District Attorney Michael Jackson poses alongside his family after receiving an award Friday naming him the most outstanding district attorney in the state. --submitted
District Attorney Michael Jackson poses alongside his family after receiving an award Friday naming him the most outstanding district attorney in the state. -- submitted

Association names Michael Jackson DA of the Year

Published 6:51pm Saturday, June 29, 2013

District Attorney Michael Jackson who serves Selma within the 4th Judicial Circuit was given the Alabama District Attorneys Association’s Brad Morris Award Friday; the highest honor among all prosecutors in the state.

Jackson was given the award Friday at the closing of the associatin’s conference in Orange Beach where an executive board selected Jackson as the most outstanding district attorney in the state.

“It’s definitely an achievement. I am the first African American to win the award as the statewide prosecutor of the year,” Jackson said, who is also the only African American serving as a district attorney in Alabama. “I couldn’t have done it without the support of all the citizens. I have a great staff and we have a great relationship with law enforcement.”

Chris McCool, who serves on the board that awarded Jackson and is the district attorney for the 24th Judicial Circuit, said there is a nomination process involved with selecting the recipient, and the individual that nominated Jackson caught their eye.

“He was nominated by someone in his own office, which speaks well of him as an attorney and a manager that someone in his office would think he would be deserving of the award,” McCool said.

McCool also said they looked at what a big task it was for Jackson to serve the five-county area in the 4th Circuit — the largest geographical circuit in the state that serves Dallas, Hale, Wilcox, Perry and Bibb counties.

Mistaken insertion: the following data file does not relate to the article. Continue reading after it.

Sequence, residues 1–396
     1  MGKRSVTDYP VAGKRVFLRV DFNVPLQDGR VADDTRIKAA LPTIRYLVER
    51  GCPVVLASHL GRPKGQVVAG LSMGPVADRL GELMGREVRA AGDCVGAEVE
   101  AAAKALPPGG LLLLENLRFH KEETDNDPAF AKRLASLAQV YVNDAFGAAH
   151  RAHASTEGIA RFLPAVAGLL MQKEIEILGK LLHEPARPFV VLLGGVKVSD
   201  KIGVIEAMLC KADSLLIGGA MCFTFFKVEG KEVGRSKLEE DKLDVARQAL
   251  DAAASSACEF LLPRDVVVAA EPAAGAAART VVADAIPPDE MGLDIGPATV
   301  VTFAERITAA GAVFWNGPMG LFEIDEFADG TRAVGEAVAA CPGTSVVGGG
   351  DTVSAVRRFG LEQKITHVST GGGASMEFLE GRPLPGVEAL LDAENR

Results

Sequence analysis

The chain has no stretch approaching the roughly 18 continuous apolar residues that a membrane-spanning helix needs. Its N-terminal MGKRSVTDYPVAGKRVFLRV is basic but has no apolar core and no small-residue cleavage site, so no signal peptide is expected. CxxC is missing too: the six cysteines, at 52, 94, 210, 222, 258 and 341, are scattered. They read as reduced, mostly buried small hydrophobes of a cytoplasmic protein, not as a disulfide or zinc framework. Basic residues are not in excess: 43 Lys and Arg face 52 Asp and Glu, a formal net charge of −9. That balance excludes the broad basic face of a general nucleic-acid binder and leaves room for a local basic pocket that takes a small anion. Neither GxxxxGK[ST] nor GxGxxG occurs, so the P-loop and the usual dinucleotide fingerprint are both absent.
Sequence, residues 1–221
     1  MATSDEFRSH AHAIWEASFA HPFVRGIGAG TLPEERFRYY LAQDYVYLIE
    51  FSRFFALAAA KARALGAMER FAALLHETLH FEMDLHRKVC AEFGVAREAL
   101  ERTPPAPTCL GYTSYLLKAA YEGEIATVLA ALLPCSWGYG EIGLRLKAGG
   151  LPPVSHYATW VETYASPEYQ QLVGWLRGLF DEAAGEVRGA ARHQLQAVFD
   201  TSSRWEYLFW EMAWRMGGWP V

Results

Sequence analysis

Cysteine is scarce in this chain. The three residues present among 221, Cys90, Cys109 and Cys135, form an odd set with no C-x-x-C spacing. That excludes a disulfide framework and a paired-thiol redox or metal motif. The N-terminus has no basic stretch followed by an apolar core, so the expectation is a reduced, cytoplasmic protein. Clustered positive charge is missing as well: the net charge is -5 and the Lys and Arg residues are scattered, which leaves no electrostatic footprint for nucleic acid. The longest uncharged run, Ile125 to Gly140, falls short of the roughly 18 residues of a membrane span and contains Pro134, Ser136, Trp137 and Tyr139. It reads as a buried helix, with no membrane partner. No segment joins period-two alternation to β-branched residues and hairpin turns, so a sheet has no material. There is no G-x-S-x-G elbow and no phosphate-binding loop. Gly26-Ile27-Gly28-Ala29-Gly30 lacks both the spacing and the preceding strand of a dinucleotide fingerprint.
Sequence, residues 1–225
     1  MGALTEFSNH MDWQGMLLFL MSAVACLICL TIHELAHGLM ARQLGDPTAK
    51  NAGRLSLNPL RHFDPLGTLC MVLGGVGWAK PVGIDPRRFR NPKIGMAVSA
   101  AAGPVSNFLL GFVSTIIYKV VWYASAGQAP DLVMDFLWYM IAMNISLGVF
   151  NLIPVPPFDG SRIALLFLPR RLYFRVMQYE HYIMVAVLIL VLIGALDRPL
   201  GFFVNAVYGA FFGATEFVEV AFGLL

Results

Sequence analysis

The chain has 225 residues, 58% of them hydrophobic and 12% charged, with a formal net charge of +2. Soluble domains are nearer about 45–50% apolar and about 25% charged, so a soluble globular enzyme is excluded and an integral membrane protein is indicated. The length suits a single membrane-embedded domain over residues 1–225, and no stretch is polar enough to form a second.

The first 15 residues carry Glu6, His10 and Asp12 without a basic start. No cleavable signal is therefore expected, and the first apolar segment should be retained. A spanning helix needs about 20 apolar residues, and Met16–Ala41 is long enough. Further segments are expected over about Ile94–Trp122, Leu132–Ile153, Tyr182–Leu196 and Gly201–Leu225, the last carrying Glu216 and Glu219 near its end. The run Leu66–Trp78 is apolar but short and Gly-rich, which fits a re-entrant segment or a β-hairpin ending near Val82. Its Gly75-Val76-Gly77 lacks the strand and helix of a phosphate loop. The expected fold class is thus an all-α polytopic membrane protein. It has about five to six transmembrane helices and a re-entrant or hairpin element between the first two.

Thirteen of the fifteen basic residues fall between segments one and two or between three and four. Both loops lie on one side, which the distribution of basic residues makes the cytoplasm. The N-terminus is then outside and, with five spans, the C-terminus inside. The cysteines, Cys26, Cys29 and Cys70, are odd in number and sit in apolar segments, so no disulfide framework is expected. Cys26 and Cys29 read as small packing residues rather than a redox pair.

“There are several cases he has prosecuted over the years that go above and beyond the normal call of duty,” McCool said and mentioned cases where Jackson was able to get convictions.

McCool noted cases such as the conviction of Alabama State Trooper Bernard Fowler, who killed Jimmie Lee Jackson just before the Voting Rights Act of 1965 was passed.

Jackson prosecuted Fowler in 2010, 55 years after a grand jury refused to indict him for the same crime.

Jackson was successful in getting Fowler prison time, seeking justice for a murder that is said to have spurred on the Voting Rights movement..

McCool said Jackson is one who is easy to work with in his experience and understands what being a district attorney is all about.

“Michael was a gentleman to deal with in every case we worked together and his whole focus was on achieving justice — and that is the epitome of what a prosecutor is all about,” McCool said. “It’s not about racking up convictions, it’s about doing the right thing in every case.”

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